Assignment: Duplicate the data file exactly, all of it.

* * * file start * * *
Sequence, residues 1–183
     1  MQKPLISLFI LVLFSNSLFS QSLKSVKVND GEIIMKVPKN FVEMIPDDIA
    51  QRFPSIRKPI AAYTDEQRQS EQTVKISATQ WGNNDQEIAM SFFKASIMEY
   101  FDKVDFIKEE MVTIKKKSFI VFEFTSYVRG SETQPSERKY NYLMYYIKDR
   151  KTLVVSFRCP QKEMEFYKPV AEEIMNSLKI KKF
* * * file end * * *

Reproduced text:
Sequence, residues 1–183
     1  MQKPLISLFI LVLFSNSLFS QSLKSVKVND GEIIMKVPKN FVEMIPDDIA
    51  QRFPSIRKPI AAYTDEQRQS EQTVKISATQ WGNNDQEIAM SFFKASIMEY
   101  FDKVDFIKEE MVTIKKKSFI VFEFTSYVRG SETQPSERKY NYLMYYIKDR
   151  KTLVVSFRCP QKEMEFYKPV AEEIMNSLKI KKF